National City is a surprising No. 1, but the city is taking bold steps to remake itself — and that could have significant economic and quality of life benefits.
People walk in National City. For a city that is the densest in the County, with 6,400 people per square mile, that may not seem a great surprise. After all, parking is limited, there are few vacant lots and the city continues to approve high-rise apartments. But a decade ago, no one would have imagined National City winning an award for being a walkable city.
“We realize that we didn’t have the best reputation for awhile,” said Ron Morrison, mayor and long-time resident of National City. “But by making the city more accessible, we have turned it into a town with family atmosphere.”
WalkSanDiego recently named National City the county’s most walkable community. The local non-profit organization, which is committed to making neighborhoods more walkable, recently reported the results of an extensive study of 18 cities in the San Diego region. Its final product, The Regional Walk Scorecard, rates each city in three major categories — a city’s policies and implementation; the percent of residents who commute by transit or walking and the pedestrian collision rate; and the walkability of streets as measured by volunteers.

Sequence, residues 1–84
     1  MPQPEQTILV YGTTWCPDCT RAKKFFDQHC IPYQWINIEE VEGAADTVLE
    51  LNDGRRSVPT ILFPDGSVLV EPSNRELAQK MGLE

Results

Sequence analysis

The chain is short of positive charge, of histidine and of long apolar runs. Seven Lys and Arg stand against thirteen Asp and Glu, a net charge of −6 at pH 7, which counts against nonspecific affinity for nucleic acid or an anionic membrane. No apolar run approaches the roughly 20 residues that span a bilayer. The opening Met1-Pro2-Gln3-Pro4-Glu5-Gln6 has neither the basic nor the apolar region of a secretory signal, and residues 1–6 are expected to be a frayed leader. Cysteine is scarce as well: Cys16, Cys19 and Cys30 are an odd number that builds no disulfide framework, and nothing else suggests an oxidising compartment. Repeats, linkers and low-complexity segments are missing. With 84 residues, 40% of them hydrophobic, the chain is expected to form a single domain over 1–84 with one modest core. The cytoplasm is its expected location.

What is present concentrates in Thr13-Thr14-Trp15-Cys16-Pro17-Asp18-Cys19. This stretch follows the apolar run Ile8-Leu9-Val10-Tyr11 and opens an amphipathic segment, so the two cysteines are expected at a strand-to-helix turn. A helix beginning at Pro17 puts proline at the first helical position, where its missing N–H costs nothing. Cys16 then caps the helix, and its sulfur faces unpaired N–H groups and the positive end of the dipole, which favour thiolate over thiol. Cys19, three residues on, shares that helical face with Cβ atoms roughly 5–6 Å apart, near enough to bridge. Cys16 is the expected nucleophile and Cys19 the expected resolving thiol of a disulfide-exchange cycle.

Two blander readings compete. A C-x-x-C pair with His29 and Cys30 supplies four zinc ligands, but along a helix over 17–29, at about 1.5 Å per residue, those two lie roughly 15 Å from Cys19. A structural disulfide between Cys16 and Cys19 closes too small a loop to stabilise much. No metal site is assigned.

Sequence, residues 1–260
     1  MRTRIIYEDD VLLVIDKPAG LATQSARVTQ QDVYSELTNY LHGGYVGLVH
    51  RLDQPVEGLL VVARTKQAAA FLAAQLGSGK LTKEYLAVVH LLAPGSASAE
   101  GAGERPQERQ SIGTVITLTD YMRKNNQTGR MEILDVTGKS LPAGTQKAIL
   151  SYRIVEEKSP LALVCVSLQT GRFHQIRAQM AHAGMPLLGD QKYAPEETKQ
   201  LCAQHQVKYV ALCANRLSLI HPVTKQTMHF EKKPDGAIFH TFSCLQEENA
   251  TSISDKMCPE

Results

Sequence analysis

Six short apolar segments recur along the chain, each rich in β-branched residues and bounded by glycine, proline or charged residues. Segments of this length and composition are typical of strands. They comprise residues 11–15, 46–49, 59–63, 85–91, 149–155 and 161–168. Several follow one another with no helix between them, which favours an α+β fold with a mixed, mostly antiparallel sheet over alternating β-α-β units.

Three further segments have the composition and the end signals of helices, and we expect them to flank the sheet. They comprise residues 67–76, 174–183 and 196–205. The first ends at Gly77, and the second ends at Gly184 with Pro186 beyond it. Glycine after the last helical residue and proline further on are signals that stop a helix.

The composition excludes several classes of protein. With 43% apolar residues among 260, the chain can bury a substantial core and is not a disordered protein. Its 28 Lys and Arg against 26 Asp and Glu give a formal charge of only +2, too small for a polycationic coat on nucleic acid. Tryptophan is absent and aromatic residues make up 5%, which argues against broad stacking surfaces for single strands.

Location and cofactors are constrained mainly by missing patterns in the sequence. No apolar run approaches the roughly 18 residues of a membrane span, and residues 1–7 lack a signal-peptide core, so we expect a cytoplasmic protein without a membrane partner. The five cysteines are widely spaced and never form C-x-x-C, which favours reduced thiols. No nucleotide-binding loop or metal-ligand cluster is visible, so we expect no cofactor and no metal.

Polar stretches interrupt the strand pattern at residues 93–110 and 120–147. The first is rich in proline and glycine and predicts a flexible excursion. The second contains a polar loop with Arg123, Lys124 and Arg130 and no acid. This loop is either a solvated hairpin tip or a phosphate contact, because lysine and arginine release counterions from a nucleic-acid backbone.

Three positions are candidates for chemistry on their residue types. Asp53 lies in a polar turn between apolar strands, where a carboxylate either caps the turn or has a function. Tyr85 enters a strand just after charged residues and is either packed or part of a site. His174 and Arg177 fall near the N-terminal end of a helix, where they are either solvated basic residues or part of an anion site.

“Walkability has economic, health, environmental and social implications,” said Jim Stone, executive director of WalkSanDiego. “From the social standpoint, the kind of social network that really builds community is face-to-face contact with people and a lot of that has gone by the wayside because we spend so much time indoors or in cars.”
Walkability is a buzzword that has received more play in recent years, as city planners, environmentalists and community leaders look for ways to make older neighborhoods more vibrant. It has become one of the key goals for sustainable urban design. And real estate brokers have begun to tout a home’s walk score, in addition to local schools and other amenities.
The Brookings Institute found that walkable neighborhoods perform better economically. Home prices are as much as 22 percent higher, rents are 17 percent greater and office rent is 20 percent higher. In short, people prefer walkable neighborhoods and that eventually increases values. It also lowers the cost of transportation for residents.